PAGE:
Papers, Please – Review
Glory to Arstotzka
When I was a youngster, I dreamed what I thought was an unattainable dream – of wielding the power over ordinary people’s lives, my decisions condemning them to life or death, my whims allowing families to reunite or mothers to be separated from their children. Finally, with ‘Papers, Please‘ my dream is realised.
Lucas Pope’s ‘dystopian document thriller’ is, at its heart, a passport-stamping simulation. The mechanics of the game boil down to receiving an immigrant’s papers, checking for discrepancies and then either granting access or using your big red stamp of doom* to send them packing to the country from whence they came. While on paper this sounds about as interesting as, well, actually being an immigration clerk, the game itself is a deeply absorbing, thrilling and even emotional triumph.
You arrive for work on day one, having won the Arstotzkan labour lottery, the prize for which is the position of document inspector at the newly-opened border crossing in the town of Grestin, which straddles the border of Arstotzka and Kolechia. Tensions are still high due to the two countries having just concluded a six-year war, and this seemingly-innocuous role places you on the front line of these tensions. Using only the finest 1980s’ technology, it is your job to make sure that no-one crosses the border illegally. As a highly-suspicious (fictional) communist state, you are at first directed to only allow Arstotzkan citizens to cross the border. As each day passes, however, new rules are added – foreigners are permitted next, but soon they must carry approved entry tickets. As the days tick by, rules become more complicated and your eye for detail must be sharper than ever; immigrants will attempt to smuggle weapons and contraband, passports from a certain region will need to be confiscated and, at times, you may have to tranquilise terrorist threats.
With so many mechanics being layered upon each other, the game could easily become a confusing mess. Fortunately, the systems through which you perform your duties are intuitive and easy to understand. Each day starts with a bulletin highlighting any new rules or requirements, and later in the game this also showcases wanted criminals who may (or may not) come through your border hut. Generally speaking, each time a new rule is introduced, one of the first few people through the border hut will undoubtedly relate to the new direction on the bulletin, giving you an immediate opportunity to practice and spot what’s required. The tools at your disposal are both intuitive and easy to use – there are stamps which either deny or allow access on a passport, a rule book which contains all of the regulations given to you so far, alongside a world map which provides information on issuing cities and document seals. Upon discovering a problem with documentation, you simply select a large red cross, highlight the relevant rule and interrogate the immigrant – at which point you will hear a variety of amusing and often pathetic excuses.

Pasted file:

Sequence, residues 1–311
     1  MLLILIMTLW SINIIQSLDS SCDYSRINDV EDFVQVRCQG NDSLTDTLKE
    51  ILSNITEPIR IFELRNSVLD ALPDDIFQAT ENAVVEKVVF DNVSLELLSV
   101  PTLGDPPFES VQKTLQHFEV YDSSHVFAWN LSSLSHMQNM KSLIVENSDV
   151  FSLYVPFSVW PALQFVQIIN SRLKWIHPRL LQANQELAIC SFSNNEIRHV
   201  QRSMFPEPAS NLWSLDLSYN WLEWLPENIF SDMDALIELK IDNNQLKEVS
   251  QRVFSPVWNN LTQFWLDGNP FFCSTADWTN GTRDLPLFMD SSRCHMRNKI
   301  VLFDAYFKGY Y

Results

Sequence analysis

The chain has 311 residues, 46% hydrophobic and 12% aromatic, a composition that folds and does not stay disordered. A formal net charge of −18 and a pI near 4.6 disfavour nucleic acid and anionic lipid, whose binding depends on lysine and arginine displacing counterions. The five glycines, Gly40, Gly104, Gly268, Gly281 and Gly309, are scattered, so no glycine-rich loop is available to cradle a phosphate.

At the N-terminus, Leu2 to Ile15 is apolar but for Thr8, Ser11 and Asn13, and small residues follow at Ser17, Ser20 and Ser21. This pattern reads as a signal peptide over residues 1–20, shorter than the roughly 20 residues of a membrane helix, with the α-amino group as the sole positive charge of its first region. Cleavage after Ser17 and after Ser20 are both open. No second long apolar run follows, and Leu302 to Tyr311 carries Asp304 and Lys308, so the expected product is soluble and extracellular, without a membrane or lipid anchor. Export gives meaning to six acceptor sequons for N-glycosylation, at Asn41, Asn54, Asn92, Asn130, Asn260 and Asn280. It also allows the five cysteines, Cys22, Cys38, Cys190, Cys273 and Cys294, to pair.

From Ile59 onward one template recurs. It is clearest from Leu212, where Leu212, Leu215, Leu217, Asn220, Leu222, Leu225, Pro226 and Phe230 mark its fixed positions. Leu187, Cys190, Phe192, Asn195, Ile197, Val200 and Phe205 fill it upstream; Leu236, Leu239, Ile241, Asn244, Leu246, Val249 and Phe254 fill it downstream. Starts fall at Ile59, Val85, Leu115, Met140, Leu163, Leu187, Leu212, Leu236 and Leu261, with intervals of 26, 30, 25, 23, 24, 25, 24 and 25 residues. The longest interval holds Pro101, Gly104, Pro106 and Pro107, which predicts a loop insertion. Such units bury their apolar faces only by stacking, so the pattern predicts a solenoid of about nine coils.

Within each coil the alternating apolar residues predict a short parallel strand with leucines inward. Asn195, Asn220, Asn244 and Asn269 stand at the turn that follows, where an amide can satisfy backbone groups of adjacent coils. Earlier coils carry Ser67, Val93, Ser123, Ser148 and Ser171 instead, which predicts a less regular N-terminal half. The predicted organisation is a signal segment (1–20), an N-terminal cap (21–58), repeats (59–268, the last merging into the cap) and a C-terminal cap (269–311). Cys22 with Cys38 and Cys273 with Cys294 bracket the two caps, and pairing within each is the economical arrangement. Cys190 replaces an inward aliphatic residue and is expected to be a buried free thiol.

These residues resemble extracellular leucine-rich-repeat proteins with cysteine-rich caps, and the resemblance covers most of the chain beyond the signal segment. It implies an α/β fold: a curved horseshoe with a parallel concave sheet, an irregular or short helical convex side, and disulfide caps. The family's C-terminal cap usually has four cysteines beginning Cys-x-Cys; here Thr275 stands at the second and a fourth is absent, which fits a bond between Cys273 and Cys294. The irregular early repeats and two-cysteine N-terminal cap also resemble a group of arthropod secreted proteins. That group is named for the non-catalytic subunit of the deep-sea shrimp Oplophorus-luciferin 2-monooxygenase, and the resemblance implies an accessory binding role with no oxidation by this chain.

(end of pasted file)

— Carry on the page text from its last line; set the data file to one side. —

Any single piece of information within any of the papers you are provided with could point to a reason not to allow someone through the border. More obvious reasons such as expired passport dates, pictures not matching and incorrect genders sit alongside more subtle and tough-to-spot problems such as false issuing cities on passports or weights on ID cards not matching with the scales that sit to your left. If you do incorrectly process someone, a dot matrix printout appears (this is 1982, after all) citing you for your error. You’re permitted two errors before your mistakes start costing you five credits apiece – and in the Arstotzkan economy, this is a lot of money indeed.
The credits are more than just a simple way of penalising you for your errors. At the end of each day you are paid your salary – five credits per person processed – and from this are deducted rent, food, heat, and any other costs that arise, such as medicine should your family become sick, or a birthday present for your son. Other opportunities to make money will also present themselves as the game progresses. – a border guard will share his bonus with you for detaining suspicious immigrants, or someone attempting to cross the border may offer you a bribe. These all add to your savings (should you balance your wages well enough) and allow you to increase your housing. Starting in your government-provided class-eight dwelling, opportunities soon arise to move up in the world – providing you have the coins to pay for it.